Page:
"-x<3"were wrongly optimized.
What's new in v4.0.2
"x*4/2"to be parsed incorrectly.
"cosh(asinh(x))"which potentially caused a stack corruption.
What's new in v4.0.1
What's new in v4.0
long int, multiple-precision floating point numbers using the MPFR library, and arbitrary precision integers using the GMP library. (Note that it's not necessary for these two libraries to exist in the system in order to use the Function Parser library with the other numerical types. Support for these libraries is optionally compiled in using preprocessor settings.)
Parse()method, making it 15-30% faster with most inputs.
Parse()method now performs significantly more bytecode optimizations than before, without compromising parsing speed.
What's new in v3.3.2
What's new in v3.3.1
What's new in v3.3
Parse()method now performs more exhaustive constant folding (calculating constant expressions at parse time) than before. Also integral powers (eg. like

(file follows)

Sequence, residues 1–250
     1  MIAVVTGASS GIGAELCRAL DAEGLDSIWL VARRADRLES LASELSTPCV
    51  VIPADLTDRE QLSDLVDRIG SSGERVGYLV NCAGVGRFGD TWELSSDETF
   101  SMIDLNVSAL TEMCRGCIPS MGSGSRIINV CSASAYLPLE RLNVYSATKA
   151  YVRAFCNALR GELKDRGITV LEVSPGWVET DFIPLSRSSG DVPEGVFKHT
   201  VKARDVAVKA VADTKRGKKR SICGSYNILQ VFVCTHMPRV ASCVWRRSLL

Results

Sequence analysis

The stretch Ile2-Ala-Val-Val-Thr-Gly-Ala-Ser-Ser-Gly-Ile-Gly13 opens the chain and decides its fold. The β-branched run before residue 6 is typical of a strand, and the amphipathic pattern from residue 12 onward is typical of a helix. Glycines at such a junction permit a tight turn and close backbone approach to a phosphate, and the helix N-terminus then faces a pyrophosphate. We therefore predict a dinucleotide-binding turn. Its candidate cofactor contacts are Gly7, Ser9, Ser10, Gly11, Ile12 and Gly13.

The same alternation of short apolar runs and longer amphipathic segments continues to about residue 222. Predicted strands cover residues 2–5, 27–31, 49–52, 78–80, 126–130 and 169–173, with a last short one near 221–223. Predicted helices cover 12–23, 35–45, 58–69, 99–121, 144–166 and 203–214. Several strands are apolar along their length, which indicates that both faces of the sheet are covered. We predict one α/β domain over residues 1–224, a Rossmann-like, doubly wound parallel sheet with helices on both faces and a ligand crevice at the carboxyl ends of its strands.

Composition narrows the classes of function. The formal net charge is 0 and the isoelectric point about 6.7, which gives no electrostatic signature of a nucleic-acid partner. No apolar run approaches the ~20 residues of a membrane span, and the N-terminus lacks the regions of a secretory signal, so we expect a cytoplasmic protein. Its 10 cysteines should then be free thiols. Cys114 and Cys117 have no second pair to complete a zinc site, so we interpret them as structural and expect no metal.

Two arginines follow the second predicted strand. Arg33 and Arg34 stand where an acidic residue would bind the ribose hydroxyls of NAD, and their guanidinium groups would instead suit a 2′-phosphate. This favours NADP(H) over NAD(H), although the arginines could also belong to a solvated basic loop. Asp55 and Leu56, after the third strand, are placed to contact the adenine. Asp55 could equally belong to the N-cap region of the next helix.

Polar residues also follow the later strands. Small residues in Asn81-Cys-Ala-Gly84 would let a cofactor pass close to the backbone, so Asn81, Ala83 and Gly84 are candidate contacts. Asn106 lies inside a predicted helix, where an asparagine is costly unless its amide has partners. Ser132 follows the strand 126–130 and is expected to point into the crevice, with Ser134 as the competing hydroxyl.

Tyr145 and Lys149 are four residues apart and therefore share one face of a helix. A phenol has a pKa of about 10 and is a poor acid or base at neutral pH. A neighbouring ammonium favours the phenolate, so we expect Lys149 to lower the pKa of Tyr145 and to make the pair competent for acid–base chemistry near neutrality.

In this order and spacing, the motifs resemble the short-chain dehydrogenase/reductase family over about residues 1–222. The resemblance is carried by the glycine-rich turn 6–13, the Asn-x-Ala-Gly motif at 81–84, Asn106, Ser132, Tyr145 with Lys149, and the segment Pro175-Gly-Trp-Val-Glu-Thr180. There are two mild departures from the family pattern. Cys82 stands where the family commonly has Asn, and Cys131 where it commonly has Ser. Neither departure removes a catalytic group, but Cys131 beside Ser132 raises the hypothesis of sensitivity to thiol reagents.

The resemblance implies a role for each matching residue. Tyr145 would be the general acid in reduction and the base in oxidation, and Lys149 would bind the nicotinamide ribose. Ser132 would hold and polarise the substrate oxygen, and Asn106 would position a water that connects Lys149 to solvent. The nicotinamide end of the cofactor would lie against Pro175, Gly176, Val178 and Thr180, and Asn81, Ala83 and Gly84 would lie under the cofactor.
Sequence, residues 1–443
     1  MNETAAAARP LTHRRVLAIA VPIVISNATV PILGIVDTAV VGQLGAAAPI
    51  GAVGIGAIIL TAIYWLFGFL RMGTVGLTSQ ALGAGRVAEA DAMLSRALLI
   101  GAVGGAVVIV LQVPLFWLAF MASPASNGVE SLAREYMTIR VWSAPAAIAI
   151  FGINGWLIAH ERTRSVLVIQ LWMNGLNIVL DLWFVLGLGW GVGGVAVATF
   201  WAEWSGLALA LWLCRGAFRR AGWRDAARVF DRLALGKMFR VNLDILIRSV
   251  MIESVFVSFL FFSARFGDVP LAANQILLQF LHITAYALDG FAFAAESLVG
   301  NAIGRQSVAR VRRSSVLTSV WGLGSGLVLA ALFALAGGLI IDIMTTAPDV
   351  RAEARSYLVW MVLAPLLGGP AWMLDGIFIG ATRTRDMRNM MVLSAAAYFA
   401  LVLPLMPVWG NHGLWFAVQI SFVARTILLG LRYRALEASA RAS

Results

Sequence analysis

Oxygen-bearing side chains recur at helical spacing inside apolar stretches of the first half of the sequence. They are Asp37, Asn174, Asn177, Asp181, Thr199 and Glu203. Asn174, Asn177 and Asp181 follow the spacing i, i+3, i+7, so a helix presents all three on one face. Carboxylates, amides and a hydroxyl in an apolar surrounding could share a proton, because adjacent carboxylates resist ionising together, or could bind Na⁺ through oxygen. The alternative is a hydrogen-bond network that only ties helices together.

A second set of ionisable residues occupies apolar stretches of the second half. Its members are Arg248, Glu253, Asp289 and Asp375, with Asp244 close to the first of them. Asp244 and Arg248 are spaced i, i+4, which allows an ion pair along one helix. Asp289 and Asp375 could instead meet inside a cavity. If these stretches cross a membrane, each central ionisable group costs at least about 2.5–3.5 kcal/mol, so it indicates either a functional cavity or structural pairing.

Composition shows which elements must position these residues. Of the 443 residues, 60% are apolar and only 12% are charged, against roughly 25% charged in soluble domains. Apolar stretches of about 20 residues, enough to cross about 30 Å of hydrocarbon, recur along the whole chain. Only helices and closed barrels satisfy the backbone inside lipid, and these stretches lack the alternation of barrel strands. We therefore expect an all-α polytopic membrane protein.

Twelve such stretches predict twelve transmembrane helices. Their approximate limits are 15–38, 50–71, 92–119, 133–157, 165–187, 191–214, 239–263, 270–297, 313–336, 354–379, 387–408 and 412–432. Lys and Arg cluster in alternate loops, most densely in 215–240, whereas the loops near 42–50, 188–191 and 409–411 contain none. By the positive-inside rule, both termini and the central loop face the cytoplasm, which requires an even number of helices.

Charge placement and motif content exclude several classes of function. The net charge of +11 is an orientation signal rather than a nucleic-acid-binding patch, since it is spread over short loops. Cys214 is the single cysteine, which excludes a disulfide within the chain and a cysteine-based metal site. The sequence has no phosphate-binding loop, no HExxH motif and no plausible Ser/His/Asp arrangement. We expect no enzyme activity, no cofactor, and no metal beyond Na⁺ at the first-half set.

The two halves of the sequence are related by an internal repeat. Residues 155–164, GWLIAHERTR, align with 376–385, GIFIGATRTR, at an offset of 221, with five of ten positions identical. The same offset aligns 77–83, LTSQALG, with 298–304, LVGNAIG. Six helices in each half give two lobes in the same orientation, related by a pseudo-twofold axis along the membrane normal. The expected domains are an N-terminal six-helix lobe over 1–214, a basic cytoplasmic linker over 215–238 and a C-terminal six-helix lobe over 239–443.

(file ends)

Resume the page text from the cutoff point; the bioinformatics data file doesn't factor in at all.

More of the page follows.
"x^4") are now more optimized at parse time, resulting in faster evaluation even without a call to the
Optimize()method (although the latter will sometimes still result in an even better result). The speed impact of this on the
Parse()method has been kept minimal.
Optimize()method significantly faster than in the previous version. Also new and more exhaustive rules have been added, resulting in better results in certain cases (eg. when using basic operators in very complex functions).
What's new in v3.2.1
"log(-x)"and certain integral powers (eg.
"x^14") were optimized incorrectly. (In the case of the integral powers, the error manifested itself when
FunctionParser::Eval()which happened if it was called without